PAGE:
We take a look at the other lost kings of England and speculate on where their remains might lie.
Stephen I ruled England in a time called the Anarchy, his fate after death was no less tumultuous. After dying of stomach trouble he was placed in a magnificent tomb. Local legend has it that the site was raided for jewels and that Stephen’s body was chucked into a ditch. After this upset, his remains may have been moved to the Church of St Mary in Faversham, though there is little evidence that the mysterious unmarked tomb is really Stephen’s current resting place.
Alfred the Great
Buried at the Old Minster in Winchester, Alfred’s grave was ransacked during the dissolution of the monasteries. In the ensuing chaos his body was lost. If you want to see his legacy visit the exquisite thumb-sized Alfred Jewel, which was found in a Somerset field, at the Ashmolean museum in Oxford.
Tasked to repel the last successful English invasion in 1066, Harold II was famously shot in the eye at Hastings. Harold’s corpse may have been taken to Waltham Abbey by a chorus of pious monks, but no remains have been found there yet.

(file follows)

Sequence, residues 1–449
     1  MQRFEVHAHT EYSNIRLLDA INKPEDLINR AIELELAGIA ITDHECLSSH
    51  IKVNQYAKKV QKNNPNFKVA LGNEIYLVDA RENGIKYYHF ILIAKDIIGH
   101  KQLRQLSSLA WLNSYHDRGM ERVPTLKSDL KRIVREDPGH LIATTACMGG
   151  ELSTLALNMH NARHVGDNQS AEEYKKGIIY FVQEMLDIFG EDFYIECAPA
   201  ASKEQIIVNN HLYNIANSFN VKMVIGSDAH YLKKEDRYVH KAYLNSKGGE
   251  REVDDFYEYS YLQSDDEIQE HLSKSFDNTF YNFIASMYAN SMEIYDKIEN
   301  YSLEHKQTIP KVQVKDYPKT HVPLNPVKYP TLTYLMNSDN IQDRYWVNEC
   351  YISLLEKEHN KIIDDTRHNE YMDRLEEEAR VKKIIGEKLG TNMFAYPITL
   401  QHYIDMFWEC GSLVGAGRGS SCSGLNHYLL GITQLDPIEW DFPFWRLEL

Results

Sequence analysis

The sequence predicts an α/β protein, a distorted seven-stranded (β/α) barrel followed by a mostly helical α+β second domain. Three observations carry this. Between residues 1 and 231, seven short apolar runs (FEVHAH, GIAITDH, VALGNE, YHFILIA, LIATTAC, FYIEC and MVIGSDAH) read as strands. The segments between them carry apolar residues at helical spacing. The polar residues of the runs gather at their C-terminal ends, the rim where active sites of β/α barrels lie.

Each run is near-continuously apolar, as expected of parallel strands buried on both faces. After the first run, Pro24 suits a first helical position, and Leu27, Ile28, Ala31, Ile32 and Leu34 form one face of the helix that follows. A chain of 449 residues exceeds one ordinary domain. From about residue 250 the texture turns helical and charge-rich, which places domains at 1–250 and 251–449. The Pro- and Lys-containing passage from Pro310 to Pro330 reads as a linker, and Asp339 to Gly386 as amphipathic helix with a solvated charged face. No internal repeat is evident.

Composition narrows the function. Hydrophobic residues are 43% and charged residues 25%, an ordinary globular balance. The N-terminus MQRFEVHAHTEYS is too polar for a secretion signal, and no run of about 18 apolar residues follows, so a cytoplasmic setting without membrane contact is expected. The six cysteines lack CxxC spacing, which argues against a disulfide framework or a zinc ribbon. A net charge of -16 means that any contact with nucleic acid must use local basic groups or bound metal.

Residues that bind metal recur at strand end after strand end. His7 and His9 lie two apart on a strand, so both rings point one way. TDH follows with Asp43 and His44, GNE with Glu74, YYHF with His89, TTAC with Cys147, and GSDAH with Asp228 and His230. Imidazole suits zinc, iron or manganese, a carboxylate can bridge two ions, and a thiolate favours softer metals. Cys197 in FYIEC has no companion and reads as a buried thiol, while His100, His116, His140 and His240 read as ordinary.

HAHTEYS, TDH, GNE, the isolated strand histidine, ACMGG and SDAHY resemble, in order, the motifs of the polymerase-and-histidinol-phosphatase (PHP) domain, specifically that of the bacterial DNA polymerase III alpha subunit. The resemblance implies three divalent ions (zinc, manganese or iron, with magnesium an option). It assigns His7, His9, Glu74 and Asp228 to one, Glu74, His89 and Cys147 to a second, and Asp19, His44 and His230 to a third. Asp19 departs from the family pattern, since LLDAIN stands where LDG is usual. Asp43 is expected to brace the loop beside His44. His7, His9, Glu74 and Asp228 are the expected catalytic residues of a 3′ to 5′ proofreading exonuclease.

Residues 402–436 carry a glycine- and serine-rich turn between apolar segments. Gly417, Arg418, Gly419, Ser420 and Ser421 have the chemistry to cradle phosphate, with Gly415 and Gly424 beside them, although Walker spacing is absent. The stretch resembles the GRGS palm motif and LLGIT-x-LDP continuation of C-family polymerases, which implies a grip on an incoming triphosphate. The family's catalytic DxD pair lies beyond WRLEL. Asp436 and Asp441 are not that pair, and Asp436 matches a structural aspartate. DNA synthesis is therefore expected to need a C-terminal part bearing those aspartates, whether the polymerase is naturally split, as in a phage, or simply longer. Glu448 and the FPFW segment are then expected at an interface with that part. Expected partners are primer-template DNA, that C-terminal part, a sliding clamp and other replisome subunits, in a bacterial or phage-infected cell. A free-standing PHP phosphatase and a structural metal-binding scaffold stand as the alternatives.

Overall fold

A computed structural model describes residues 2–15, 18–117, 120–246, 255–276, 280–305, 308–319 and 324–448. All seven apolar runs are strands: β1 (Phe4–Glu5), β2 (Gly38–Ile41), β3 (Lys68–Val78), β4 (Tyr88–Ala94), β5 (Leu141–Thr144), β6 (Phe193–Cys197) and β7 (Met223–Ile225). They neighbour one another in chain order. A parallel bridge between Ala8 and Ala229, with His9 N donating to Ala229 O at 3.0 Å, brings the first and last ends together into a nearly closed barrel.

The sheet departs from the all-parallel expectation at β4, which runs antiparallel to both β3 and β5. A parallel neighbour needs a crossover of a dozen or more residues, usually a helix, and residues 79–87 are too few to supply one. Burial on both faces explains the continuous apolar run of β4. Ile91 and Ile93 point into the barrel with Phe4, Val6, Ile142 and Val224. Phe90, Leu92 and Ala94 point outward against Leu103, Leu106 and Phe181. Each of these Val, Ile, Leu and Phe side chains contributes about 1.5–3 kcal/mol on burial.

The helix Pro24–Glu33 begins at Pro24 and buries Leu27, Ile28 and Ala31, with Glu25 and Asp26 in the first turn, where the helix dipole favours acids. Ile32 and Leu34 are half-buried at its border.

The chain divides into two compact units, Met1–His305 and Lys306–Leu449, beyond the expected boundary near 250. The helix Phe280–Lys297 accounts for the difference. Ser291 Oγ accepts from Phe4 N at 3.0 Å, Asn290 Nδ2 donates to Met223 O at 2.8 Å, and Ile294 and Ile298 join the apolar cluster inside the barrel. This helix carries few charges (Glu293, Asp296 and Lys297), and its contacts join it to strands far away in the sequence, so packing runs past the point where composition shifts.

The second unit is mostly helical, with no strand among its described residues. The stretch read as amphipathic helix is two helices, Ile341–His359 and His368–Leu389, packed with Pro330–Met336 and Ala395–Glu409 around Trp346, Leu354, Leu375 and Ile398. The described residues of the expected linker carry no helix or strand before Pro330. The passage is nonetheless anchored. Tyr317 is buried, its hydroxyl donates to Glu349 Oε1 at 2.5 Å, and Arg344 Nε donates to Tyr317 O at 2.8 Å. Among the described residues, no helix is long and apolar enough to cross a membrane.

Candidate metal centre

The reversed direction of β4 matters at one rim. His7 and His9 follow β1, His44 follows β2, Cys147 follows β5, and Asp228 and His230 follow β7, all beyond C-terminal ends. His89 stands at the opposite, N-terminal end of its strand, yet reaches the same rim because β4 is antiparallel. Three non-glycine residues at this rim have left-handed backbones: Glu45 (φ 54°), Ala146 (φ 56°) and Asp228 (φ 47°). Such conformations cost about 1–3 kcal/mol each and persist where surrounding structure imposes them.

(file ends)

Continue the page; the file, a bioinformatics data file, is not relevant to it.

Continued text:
This king was also fond of the culinary good life, reportedly dying of food poisoning after eating one lamprey too many. His burial site was destroyed in the Protestant Reformation. Like Richard III, Henry’s resting place is far from ideal, it is possible that his remains now reside under St James’ School in Berkshire.
The youngest of the lost Kings, Edward V is the least likely to have ended up in the countryside. He was last sighted in the Tower of London and was murdered, at least according to Shakespeare, by his uncle Richard III. The story has all the ingredients of a mystery novel. The whereabouts of Edward is unknown, though during the fitting of a new staircase in 1789 the bodies of two children were found. It has not been proven who they were.